WHEN President Ferdinand R. Marcos Jr. announced even before he assumed the presidency last June 30 that he would not appoint an Agriculture department secretary and instead assume that portfolio himself, I immediately expressed serious doubts in my column whether this was a wise decision.
I pointed out that while it sends a message that his administration would make agriculture a priority, in actual practice, it really means his holding two jobs, with both the presidency and the agricultural department being led by a part-time official, and therefore their performance compromised.
In fact, in the post-war period, only two presidents have headed a department, and this was only the defense portfolio, I suspect, because they wanted to make sure the military was solidly behind them. President Marcos Sr. assumed the defense post when he became president on Dec. 31, 1965. President Gloria Macapagal Arroyo became Defense secretary for a month in 2003 and two months to Feb. 1, 2007.
The controversy involving the Sugar Regulatory Administration’s (SRA) unauthorized order to import 300,000 MT of sugar is strong proof that Marcos’ holding the agriculture portfolio could be bad for his governance.
The only logical explanation I can think of why the SRA’s three-man sugar board dared to issue an order that they know should be cleared by the President is that they calculated that Marcos was tied down in the myriad work of running a government, and wouldn’t bother about recalling an illegal order for importation of a huge quantity of sugar.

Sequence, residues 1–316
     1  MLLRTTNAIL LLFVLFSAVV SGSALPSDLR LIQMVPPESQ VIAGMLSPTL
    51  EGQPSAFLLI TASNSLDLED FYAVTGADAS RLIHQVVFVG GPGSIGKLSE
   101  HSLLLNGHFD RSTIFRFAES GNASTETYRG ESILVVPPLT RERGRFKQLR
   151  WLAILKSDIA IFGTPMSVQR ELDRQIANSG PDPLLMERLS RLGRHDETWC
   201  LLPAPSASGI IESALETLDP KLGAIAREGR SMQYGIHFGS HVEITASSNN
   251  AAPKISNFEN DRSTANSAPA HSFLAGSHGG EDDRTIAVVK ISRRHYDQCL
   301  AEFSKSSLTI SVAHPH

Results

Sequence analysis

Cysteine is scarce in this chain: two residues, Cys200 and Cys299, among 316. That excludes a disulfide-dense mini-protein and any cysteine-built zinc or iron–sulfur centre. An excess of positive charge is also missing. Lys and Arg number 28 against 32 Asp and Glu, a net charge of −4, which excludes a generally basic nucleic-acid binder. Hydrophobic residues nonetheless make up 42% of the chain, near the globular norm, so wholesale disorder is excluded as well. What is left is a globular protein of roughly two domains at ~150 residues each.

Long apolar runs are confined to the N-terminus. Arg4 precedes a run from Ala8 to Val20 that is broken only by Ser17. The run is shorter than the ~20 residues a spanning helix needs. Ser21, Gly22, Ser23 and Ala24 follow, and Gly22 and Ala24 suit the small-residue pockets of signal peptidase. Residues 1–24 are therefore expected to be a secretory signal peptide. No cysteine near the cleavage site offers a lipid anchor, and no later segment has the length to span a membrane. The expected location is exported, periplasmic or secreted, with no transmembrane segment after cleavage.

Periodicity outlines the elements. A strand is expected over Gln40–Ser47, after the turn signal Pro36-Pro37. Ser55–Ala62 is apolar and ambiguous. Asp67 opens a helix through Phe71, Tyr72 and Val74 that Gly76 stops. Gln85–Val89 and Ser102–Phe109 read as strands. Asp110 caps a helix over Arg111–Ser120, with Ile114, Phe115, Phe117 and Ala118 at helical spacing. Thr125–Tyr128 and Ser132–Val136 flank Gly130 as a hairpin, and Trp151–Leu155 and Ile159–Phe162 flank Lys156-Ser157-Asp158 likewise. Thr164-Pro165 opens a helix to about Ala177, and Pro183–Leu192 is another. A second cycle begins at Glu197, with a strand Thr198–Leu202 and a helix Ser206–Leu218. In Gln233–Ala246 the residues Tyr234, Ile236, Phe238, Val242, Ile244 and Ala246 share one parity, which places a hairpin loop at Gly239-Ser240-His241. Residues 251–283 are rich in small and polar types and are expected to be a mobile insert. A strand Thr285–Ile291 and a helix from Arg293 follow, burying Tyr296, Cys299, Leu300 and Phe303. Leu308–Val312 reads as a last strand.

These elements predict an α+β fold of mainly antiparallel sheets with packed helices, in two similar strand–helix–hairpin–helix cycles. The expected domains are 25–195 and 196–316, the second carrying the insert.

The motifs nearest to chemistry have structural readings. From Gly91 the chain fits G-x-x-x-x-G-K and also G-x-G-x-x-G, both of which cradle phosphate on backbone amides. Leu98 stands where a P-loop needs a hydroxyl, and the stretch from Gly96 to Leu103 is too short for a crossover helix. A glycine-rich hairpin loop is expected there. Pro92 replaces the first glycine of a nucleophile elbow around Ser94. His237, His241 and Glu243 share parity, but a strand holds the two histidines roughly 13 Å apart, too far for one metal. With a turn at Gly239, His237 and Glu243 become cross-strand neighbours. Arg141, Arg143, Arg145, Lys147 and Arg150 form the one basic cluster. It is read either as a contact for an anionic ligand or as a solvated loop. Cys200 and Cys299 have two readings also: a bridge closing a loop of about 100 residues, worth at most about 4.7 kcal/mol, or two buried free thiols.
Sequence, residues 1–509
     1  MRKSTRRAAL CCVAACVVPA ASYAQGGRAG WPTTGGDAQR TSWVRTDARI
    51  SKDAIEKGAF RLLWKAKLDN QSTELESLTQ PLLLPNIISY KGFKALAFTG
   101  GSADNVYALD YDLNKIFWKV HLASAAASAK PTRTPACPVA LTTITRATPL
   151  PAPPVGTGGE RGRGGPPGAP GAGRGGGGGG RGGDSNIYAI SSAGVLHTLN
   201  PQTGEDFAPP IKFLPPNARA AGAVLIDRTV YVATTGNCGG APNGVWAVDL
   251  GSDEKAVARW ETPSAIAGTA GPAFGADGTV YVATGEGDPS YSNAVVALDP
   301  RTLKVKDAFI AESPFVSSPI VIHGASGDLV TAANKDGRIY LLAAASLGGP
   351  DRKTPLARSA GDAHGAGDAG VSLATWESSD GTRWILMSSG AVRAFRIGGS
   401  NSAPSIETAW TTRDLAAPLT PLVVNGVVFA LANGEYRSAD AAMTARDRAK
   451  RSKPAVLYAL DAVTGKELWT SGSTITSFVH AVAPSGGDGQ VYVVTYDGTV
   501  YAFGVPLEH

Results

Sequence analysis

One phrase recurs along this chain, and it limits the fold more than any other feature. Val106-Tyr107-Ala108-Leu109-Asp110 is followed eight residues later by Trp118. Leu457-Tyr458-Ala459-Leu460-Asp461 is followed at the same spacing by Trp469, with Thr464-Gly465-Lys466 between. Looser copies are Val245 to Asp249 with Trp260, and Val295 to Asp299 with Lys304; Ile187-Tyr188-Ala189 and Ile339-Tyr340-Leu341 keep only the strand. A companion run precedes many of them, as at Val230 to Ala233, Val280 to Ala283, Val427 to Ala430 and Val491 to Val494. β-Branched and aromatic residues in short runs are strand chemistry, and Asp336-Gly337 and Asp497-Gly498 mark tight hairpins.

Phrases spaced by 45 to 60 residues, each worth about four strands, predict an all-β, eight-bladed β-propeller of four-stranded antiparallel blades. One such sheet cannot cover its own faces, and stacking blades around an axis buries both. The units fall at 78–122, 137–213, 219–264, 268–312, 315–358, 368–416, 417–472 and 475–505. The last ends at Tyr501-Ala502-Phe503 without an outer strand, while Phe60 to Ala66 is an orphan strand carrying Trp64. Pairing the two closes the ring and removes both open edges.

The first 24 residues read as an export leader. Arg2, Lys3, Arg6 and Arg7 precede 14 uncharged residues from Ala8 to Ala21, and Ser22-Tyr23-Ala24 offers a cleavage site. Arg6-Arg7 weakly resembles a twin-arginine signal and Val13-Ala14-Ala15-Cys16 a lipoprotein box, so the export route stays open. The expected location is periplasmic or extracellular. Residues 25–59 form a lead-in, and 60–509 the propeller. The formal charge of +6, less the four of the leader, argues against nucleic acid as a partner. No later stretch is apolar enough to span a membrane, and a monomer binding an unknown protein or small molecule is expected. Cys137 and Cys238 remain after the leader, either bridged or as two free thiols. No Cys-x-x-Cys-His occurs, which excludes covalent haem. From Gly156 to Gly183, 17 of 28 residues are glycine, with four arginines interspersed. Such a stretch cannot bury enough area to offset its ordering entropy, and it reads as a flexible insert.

However, Marcos’ executive secretary, Victor Rodriguez, was in close touch with the SRA and his principal, so that he knew that the President had not given any clearance to the SRA as he himself was unconvinced that such a huge quantity of sugar must be allowed to be imported.
But the root of that problem is Marcos’ holding of the agricultural portfolio. That created the situation for the SRA to dare bypass him, and on its own to issue that sugar order.
It had been obvious that Marcos couldn’t really act as Agriculture secretary because he had to attend to his other urgent tasks, and he even had to isolate himself for a few days when he got Covid-19. There was therefore no single official supervising the department on a day-to-day basis.